As to Mr. Hayward, he reminds me of a navy captain whom I once knew that proudly wore the Medal of Honor. Even so, when he was asleep in bed and his cruiser went on the rocks, he was court marshaled. It is hard to have much sympathy for Hayward’s having been gotten by the “gotcha boys” with all that oil still leaking.

    Helen Thomas is a different matter. Even though, as a long time reader of the New York Times, I am skeptical that journalists, including the best of them, have “a lifetime goal to be objective,” I feel sorry for her. In old age, she forgot one of the cardinal rules of survival. There are certain subjects about which it is unhealthy to say what you truly believe. In fervent societies like ours, heretics may gain heaven as martyrs, but they don’t survive. She should be forgiven.

  5. Jeanne Byington Said:

    Ann L,

    It will be interesting to see whether your forecast that we hear about things faster but will forget them faster as well holds true. As for gotcha being around forever, yellow journalism had its distinct place before and then there was what was considered serious reporting. Today the lines smudge.


    You are right about the subjects that are unhealthy to discuss–we were all warned as children to avoid religion and politics.

    Not quite sure whether it was your history lessons or being taught to think through and research a subject before making a decision that serves you best in analyzing what you read or hear in the news. In any case, there will always be those who look for proof of their beliefs, regardless of the source, and will take the time they should spend contemplating the significance and validity of what they have heard to instead go straight to celebrate the nasty news.

  6. ASK Said:

    “Gotcha” journalism seems to breed public (insincere?) apologies (Yikes! I got caught!); both are best ignored…

  7. Lucrezia Said:

    This “gotcha” journalism you describe appears as an intent to call attention away from a specific problem. It’s a growing nuisance from which the press/media would do well to rid itself. This never ending quote of various gaffes from CEOs, politicians, nabobs and etc. is nerve racking and increasingly ineffective. One or two prize bloopers are one thing. Now, one can’t open a paper without being treated to a new one every day. Worse, we must hear the now stale “life back” repeated until someone comes along with another unremarkable statement .

    I am not defending anyone, but am becoming increasingly impatient with lack of originality. The BP disaster is horrific, but instead of repeating a clutch of quotes ad nauseam, how about one or more journalists donning hip boots and getting down to the bayou to help out and then relate an experience? It might inspire others to volunteer much needed help, money or supplies. Equally important, they will be doing what they are paid to do – report news by telling people what’s going on.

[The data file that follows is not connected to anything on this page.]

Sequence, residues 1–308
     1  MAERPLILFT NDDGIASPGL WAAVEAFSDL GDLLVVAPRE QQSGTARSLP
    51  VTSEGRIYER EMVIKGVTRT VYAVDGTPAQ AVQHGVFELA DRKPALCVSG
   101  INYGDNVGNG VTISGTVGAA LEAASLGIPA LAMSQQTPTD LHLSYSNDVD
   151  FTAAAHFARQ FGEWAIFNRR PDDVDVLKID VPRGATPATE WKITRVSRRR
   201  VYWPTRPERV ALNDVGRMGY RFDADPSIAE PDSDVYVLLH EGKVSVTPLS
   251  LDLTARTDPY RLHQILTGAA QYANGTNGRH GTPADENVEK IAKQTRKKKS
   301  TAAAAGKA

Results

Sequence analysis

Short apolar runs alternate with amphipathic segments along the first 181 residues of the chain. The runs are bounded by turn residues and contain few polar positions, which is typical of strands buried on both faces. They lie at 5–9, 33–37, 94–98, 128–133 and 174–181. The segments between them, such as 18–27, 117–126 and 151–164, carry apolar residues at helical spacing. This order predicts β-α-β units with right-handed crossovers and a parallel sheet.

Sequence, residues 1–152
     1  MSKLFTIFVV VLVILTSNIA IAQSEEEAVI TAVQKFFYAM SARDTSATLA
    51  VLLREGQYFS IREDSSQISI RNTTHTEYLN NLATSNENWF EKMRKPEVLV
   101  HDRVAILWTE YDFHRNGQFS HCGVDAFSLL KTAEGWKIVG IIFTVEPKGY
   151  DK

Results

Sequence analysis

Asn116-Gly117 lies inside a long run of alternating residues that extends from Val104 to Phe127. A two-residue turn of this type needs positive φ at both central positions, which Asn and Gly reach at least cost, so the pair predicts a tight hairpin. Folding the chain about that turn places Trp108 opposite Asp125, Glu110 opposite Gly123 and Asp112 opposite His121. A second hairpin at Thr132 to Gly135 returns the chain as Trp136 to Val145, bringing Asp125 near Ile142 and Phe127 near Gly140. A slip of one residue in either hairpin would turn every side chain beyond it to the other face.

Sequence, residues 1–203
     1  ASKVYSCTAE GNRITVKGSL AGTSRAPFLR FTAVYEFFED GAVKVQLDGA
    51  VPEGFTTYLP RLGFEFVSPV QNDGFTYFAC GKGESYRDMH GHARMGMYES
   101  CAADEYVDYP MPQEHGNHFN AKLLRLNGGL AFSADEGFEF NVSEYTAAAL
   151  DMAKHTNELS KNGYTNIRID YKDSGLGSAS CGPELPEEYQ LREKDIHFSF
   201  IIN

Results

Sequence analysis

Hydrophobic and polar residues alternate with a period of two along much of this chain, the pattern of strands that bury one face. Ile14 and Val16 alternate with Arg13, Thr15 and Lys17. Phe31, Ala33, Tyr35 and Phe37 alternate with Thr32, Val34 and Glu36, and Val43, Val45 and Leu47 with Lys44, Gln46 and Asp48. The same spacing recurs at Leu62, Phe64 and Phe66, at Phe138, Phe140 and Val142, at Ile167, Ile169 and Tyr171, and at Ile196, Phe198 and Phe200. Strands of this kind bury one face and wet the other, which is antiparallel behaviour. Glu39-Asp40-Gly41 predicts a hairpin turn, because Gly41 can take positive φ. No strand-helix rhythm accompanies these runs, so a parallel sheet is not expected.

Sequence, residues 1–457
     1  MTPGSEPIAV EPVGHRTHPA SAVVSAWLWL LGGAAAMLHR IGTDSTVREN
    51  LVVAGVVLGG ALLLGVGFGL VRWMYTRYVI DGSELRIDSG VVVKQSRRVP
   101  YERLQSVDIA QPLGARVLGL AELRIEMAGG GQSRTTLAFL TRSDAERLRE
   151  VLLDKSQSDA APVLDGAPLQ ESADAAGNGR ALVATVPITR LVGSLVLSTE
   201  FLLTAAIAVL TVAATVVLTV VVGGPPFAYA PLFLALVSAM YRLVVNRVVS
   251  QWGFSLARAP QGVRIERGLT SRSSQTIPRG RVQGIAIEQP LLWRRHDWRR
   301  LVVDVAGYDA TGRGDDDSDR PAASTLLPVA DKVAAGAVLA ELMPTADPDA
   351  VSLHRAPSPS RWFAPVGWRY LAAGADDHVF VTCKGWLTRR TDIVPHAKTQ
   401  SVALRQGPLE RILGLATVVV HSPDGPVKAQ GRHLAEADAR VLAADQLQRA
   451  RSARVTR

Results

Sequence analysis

The Helen Thomas episode is a waste of time. Lots of people don’t like Jews and have said as much or worse many times before.(Anyone remember the Holocaust?) So where’s the news? This non story may well succeed in raising hopes of white supremacists looking for a reason to sound off.

    If this is the garbage which sells papers other than the Enquirer or similar rags, it’s hard to decide whether to laugh at public stupidity or cry because it exists in such huge numbers.

  8. Jeanne Byington Said:


    I think that publishers are encouraging gotcha journalism in order to remain in a spotlight. General McChrystal and his big mouth in Rolling Stone should not be the news, Afghanistan and what we are doing there is the story. At his stage of the game, McChrystal should know better than to go blah, blah, blah to a free lance writer or reporter of any stripe but that story, too, is tired, old news.

    Lots of people don’t like lots of people but especially once someone has acquired some fame, I think that they should keep their prejudices to themselves. Awareness is key so that it’s fine to point out the impact of an unhelpful statement. One thing that annoys some but I think is a positive change in the past 20 years is the concept of thinking of what you are saying and its affect on others–an offshoot of political correctness. Hurtful generalizations, name-calling and expressions that use spiteful words are neither clever, creative nor helpful. They serve only to toss hot sauce on open sores.